The record fully supports the district court's findings and conclusions. There is abundant testimony in the record indicating that students living in the Dixie Addition are required to cross a major interstate highway at the busiest time of day to reach North East High School; that there is no safe and convenient way to cross that highway; that students are required to walk on the streets through much of the route between "Dixie" and the high school-a distance of about two miles. The record also reveals that many of the families that live in the Dixie Addition are low income families who are unable to afford the cost of public transportation to and from school; it further reflects the fact that public transportation is not always convenient or dependable. We also note that the district court was concerned with equalizing the burden of integration as between the black and the white students in the school district, and believed that providing transportation to the predominantly black Dixie high school students was one way of accomplishing this goal. We agree that the goal is a legitimate one and that it will be achieved in part by the district court's order. See Clark v. Board of Educ., 449 F.2d 493 (8th Cir. 1971) (en banc), cert. denied, 405 U.S. 936, 92 S. Ct. 954, 30 L. Ed. 2d 812 (1972).
FACULTY AND STAFF
In Davis v. Board of Educ., 449 F.2d 500 (8th Cir. 1971) (en banc), we required the Board of Education to establish and implement objective and nondiscriminatory standards respecting the employment, assignment and dismissal of teachers. We noted that nondiscriminatory subjective factors could be considered in the decisionmaking process, but that they should be given little weight because of the past history of racial discrimination in the school district. Judge Shell determined that this Court's instruction had not been followed by the Board; he found that the Board's policy continued to be an informal one, which only purported to select the most qualified applicants. He stated:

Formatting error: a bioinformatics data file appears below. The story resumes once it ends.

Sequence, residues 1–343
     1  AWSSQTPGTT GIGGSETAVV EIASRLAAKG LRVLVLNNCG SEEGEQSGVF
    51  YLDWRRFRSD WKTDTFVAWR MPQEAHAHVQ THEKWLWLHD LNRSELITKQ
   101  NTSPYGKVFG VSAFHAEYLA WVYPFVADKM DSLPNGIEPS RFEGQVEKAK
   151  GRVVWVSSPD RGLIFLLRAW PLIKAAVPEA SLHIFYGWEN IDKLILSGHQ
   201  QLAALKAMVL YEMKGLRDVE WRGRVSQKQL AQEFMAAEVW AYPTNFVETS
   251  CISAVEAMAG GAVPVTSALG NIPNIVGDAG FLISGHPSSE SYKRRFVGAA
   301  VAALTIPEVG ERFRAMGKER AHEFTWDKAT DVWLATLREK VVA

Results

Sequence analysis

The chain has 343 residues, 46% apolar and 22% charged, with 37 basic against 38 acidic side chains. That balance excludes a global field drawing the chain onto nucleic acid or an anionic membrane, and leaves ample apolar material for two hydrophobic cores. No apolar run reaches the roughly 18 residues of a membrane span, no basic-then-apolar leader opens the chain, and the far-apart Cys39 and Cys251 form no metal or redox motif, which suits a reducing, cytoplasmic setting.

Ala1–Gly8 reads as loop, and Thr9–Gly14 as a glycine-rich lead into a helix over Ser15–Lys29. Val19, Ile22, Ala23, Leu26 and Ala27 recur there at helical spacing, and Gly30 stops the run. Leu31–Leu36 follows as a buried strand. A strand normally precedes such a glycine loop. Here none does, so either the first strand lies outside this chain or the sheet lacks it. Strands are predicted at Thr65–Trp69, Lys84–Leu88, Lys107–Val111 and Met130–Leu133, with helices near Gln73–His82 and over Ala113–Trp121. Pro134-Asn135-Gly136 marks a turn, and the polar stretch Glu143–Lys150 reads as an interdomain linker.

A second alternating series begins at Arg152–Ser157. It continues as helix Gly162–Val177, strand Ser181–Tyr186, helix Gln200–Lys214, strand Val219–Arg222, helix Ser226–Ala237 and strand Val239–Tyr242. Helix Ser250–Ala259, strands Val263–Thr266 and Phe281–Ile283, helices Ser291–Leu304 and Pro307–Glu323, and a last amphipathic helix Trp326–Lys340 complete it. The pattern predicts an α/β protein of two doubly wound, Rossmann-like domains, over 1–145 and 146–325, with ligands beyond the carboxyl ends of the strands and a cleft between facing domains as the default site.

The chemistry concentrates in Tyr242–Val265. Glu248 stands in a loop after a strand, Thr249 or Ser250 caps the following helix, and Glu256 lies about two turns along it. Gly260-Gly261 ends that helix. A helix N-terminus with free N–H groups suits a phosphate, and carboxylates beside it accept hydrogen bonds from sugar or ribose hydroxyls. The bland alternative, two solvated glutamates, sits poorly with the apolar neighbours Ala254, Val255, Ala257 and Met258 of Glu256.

(T)he effect of this informal employment policy has been maintenance of a body of faculty and staff which is top-heavy in percentages of whites in supervisory and administrative positions, secondary school teaching positions, and such specialty positions as librarians, guidance counselors, and head athletic coaches. On the other hand, the percentage of blacks who maintain positions as elementary school teachers and service workers is high.
Davis v. Board of Educ., No. LR-68-C-151 (E.D. Ark. Sept. 13, 1977).
Judge Shell noted that although twenty-six percent of the students and twenty percent of the faculty were black, only one of the twenty-three administrators and supervisors in the central office was black; that only five of the twenty-six school principals were black (four of the five being assigned to elementary schools); that only two of the fourteen guidance counselors were black; and that only two of the librarians or audiovisual staff assistants were black. He held that the Board of Education was under a continuing mandate from this Court to implement objective nondiscriminatory standards with respect to the assignment of faculty and staff, and that it would be required to take the actions set forth below to comply with that mandate:
(1) That the defendants proceed forthwith to establish and implement a system that will ensure that complete records are kept of positions that become available on the faculty and staff, the number of persons who applied for the positions and their respective qualifications, the name of the person who was offered the position, and the means utilized for notification of the opening;
(2) That the defendants shall establish a procedure which will provide reasonable notice to the community and the faculty and staff themselves that employment is available;
(3) That the defendants in good faith shall use reasonable means to recruit qualified black applicants for available positions where the percentage of blacks in similar positions in their employ is below the percentage of black student enrollment;